O’Leary surmised that it would cost investors between 8 to 12% to trade real estate assets. He also added that given the way things are, the chance an investor would enjoy a 12% appreciation over five years on a property is next to zero.

For close to 18 years, Canada has experienced a housing bull market, with perpetually low rates encouraging both homebuyers and speculators to snap up properties with almost zero capital. O’Leary expects that at the very best conditions will plateau soon, slightly improving chances of material appreciation on houses.

He goes on to mention the potential housing bubbles other pundits have observed in areas such as Vancouver, Montreal, Ottawa, and Toronto, where “shoebox condos” have begun sprouting to accommodate the large number of immigrants and/or millennials looking to move into the cities. With too many buyers and speculators participating in these popular markets, only time will tell when the bubbles will eventually burst.

O’Leary suggested that investors look into short duration, investment-grade corporate debt, as he sees it as an even more attractive and safer option than real estate. He also suggested to prospective homebuyers to look into renting instead, so that they can invest their cash into other things.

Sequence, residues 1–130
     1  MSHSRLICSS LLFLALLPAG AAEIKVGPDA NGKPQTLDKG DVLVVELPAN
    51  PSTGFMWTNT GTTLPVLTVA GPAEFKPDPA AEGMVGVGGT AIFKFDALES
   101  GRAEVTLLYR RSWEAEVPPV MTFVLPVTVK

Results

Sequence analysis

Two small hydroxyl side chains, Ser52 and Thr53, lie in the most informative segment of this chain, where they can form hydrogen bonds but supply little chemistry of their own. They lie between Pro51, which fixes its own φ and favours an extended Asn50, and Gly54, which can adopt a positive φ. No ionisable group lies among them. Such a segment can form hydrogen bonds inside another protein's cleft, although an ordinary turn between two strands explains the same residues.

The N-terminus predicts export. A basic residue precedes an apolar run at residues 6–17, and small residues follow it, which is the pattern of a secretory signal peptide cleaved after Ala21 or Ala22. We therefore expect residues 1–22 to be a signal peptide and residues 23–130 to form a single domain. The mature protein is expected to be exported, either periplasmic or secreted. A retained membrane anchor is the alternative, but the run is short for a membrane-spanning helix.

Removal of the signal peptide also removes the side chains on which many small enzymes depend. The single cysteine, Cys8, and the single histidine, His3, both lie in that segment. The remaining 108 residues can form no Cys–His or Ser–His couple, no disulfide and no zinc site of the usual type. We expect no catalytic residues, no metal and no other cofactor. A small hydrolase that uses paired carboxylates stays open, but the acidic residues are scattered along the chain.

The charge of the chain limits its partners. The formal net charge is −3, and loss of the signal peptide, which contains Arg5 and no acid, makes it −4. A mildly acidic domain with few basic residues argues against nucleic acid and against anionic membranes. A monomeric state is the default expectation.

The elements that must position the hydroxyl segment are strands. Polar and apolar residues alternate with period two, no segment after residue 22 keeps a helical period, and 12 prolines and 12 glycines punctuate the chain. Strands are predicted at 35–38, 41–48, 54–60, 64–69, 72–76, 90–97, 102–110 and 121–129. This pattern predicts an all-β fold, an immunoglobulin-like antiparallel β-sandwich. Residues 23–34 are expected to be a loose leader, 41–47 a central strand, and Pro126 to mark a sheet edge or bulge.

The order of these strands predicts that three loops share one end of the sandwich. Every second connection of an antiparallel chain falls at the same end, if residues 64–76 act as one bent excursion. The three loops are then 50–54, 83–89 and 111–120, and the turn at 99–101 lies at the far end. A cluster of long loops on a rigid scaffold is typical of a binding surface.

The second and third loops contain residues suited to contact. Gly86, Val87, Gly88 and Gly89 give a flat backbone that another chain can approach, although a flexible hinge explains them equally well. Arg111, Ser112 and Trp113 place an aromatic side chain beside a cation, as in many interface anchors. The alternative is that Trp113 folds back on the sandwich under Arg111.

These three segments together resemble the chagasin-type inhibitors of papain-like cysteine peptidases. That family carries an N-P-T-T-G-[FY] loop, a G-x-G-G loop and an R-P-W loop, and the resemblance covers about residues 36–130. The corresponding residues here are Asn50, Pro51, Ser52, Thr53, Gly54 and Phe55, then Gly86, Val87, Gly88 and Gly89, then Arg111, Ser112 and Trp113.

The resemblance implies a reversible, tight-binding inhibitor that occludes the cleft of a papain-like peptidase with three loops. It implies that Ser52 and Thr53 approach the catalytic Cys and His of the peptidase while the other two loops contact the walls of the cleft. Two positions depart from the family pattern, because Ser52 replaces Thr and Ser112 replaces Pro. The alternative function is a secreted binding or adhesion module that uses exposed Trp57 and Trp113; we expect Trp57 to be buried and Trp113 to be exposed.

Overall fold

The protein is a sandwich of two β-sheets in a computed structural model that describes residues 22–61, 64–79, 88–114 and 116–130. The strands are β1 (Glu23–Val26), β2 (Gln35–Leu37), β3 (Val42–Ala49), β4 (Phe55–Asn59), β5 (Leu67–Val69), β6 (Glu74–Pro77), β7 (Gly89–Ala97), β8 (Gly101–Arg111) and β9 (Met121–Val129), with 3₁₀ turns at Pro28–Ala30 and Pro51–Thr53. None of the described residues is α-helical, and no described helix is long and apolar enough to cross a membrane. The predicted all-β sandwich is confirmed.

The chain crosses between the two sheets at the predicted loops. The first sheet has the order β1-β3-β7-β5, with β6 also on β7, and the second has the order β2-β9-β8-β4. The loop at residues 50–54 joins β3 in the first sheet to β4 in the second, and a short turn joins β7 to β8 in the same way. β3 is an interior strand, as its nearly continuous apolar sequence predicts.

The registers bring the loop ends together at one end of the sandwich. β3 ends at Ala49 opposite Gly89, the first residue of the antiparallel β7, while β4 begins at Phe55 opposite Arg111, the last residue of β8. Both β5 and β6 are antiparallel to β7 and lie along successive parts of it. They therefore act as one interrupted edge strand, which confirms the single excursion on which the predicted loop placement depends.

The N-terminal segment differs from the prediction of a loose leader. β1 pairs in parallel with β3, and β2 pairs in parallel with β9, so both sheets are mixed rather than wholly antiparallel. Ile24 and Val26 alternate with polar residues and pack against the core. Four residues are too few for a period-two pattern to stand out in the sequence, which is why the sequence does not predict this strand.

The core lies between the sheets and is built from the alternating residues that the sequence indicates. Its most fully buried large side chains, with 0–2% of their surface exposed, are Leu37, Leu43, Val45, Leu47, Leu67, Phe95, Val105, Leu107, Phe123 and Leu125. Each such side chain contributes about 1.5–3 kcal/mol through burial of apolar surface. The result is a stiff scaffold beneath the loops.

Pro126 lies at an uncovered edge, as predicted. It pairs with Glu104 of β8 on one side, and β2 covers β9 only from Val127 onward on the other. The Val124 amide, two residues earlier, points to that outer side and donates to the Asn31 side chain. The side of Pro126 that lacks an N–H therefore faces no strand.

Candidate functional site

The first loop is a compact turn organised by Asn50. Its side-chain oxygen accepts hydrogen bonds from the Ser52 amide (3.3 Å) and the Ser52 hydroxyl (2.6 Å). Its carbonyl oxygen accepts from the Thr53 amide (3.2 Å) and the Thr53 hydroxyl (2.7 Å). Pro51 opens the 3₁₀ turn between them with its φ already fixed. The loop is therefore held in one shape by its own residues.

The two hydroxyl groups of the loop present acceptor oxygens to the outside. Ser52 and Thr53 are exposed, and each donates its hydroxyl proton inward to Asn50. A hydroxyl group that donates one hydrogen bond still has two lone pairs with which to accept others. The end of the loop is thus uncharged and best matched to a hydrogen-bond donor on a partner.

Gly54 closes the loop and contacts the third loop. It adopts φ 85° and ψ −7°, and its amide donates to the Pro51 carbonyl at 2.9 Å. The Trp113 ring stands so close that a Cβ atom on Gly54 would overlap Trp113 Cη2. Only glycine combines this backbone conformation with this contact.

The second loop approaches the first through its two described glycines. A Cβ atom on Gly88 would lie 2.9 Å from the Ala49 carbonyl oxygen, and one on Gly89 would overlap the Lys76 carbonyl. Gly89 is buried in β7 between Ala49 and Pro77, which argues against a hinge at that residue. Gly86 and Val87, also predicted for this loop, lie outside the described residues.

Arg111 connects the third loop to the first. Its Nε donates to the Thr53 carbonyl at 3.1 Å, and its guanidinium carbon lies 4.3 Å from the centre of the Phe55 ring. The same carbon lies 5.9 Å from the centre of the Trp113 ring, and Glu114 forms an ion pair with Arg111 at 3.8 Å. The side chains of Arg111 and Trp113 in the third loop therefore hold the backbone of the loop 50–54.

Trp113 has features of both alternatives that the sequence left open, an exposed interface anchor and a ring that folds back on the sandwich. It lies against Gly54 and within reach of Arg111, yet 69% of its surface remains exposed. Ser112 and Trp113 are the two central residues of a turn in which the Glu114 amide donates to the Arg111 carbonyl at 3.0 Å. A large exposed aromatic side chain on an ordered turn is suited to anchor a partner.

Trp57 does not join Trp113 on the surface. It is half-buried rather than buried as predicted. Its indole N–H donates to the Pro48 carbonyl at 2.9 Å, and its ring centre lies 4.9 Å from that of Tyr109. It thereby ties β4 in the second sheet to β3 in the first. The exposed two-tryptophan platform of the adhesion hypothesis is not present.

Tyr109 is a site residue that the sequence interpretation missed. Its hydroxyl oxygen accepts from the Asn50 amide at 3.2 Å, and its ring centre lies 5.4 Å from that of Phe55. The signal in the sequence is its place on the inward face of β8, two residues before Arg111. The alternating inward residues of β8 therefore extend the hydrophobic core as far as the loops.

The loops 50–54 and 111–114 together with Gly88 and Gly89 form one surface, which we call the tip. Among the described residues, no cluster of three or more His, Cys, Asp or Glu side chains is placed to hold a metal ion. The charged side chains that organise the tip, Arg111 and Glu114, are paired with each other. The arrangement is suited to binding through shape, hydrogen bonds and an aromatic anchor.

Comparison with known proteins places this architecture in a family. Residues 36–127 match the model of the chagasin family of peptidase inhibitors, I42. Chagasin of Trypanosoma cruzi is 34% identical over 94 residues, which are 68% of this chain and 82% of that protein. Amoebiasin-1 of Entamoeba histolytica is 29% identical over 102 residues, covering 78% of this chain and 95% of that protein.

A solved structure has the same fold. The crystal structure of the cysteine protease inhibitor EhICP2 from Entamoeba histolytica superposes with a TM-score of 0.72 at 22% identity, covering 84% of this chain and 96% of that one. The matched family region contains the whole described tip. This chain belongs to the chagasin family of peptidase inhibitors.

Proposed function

Source: MortgageBrokerNews.ca  04 Dec 2015 

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When foreign buyers abandon Canadian housing: Don Pittis

A housing development south of Vancouver, where anecdotal evidence indicates foreign investors have helped push property prices higher. But as Don Pittis says, poor data on how much of the investment in Canadian real estate is 'hot money' means we may be unprepared when foreign investment slows or stops.

There is little doubt that overseas money has had an impact on the high cost of Canadian real estate.

Even the Canada Mortgage and Housing Corporation appears to have conceded the fact. In a speech this week, CMHC president Evan Siddall said that despite having poor data on foreign ownership, it was likely pushing up the price of Canadian housing.

There are two things that are less clear that may be crucial to the value of your home. The first is the size and distribution of the effect. The second is what will happen when foreign ownership dries up or withdraws.

The fact that Canada does not have a good official estimate of how much foreign money is invested in Canadian housing is a scandal. Other countries assemble the information as a matter of course.

Anecdotal evidence